Tencent stays ahead of the game
Some big bets in mobile games have paid off for Tencent; it is now the No 1 player in the market
While its online finance, e-commerce and mobile messaging initiatives are closely watched by investors, Tencent has kept its focus on making large bets in its interactive games business to bolster revenue growth.
The strategy has allowed Tencent, Asia's largest listed internet company, to build up its pipeline of games and become the biggest company by revenue in the highly competitive, US$70.4 billion global games market. For Tencent, "games are still the crown jewels", CCB International analysts Ronnie Ho and Qu Ke said in a research note.
Hong Kong-traded Tencent's total online and mobile games revenue rose 34 per cent last year to a record 31.97 billion yuan (HK$40.1 billion) over 2012, fuelled by strong growth overseas and on the mainland - the world's second-largest games market behind the United States. Its sales are generated from virtual goods and services used by players to take on a game's advanced levels.
With no console games, Tencent moved ahead of perennial market leaders Microsoft, Activision Blizzard, Sony and Electronic Arts in total worldwide video-game sales for the first time last year, up from fifth in 2012, according to research firm Newzoo.
"Tencent has shown very consistent quarterly revenue growth for a few years in a row, due to its focus on online free-to-play games and, more recently, mobile games. It is much less dependent on individual blockbuster releases than the traditional publishers," Newzoo chief executive Peter Warman said.
The Shenzhen-based company made its biggest ever video-game-related investment last month, with the acquisition of a 28 per cent stake in South Korean developer CJ Games for US$500 million. That deal tops what the firm has spent so far in the US on a pair of developers: US$400 million to take over Riot Games in 2011 and US$330 million to buy a 48.4 per cent stake in Epic Games last year.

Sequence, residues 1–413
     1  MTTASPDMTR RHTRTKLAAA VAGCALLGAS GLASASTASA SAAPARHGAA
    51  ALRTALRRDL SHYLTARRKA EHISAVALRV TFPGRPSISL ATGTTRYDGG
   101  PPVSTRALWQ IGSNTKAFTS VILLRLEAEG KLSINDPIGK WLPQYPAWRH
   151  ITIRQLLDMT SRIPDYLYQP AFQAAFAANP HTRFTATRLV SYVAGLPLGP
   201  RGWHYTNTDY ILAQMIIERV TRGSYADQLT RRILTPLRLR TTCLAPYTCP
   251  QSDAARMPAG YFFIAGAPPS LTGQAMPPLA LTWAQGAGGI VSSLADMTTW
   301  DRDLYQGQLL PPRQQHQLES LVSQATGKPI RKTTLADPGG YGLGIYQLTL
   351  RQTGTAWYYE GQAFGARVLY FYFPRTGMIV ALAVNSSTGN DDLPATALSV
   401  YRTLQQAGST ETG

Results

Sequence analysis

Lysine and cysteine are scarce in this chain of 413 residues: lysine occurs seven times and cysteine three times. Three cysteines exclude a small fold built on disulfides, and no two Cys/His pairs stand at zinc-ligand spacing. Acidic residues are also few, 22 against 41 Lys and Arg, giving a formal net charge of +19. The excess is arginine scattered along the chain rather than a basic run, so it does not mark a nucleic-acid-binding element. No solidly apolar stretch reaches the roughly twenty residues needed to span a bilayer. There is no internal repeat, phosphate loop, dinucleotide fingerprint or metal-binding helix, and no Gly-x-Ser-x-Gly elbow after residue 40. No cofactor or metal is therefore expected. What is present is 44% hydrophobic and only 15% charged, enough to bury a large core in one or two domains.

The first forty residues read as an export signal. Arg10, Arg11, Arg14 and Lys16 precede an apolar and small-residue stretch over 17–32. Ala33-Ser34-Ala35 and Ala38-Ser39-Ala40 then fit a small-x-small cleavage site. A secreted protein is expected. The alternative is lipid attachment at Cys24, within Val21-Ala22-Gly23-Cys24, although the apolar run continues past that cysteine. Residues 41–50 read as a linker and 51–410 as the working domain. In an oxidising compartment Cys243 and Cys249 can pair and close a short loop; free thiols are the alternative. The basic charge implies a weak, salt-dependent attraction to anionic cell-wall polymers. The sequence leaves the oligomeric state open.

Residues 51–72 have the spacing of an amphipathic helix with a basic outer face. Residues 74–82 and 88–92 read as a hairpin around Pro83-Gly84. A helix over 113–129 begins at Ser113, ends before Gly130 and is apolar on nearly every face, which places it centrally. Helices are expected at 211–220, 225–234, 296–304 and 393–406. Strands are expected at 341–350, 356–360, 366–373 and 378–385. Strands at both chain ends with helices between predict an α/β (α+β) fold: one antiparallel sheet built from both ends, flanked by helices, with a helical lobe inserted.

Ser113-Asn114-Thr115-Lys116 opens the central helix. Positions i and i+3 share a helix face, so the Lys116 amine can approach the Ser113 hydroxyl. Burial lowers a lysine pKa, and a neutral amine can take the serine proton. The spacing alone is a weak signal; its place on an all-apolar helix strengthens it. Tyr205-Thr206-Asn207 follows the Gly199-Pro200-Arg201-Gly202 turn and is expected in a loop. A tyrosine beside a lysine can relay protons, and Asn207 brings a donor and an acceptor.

CJ Games plans to use Tencent's investment to acquire Korean game distributor Netmarble and form a larger mobile games-focused company, CJ Netmarble.
Martin Lau Chi-ping, Tencent's president, expected the Korean developer "to bring more high-quality and enjoyable mobile-gaming experience to our user base" on the mainland and in overseas markets.
Founded in 1998, Tencent has released 12 mobile games through social platforms Mobile QQ and WeChat, known as Weixin on the mainland. We Fly, with more than 100 million users as of last month, is the most popular of these games.
While Tencent's shares recorded a two-month low of HK$512 on Friday as investors fear internet stocks are overvalued, the firm's prospects in the games market remain high.
"The company is the No 1 mobile games platform in China, with six games [each recording] over 10 million daily active users," the CCB International analysts said.
"Tencent will continue to pursue growth by expanding its mobile game portfolio with self-developed and third-party games."
The mobile market will make up US$22 billion of the US$111 billion worldwide video-game industry, which includes hardware and software, by 2015, according to research firm Gartner.
Tencent also has a current line-up of 12 so-called casual online games, led by the popular League of Legends, and 20 massively multiplayer online games, such as Blade & Soul.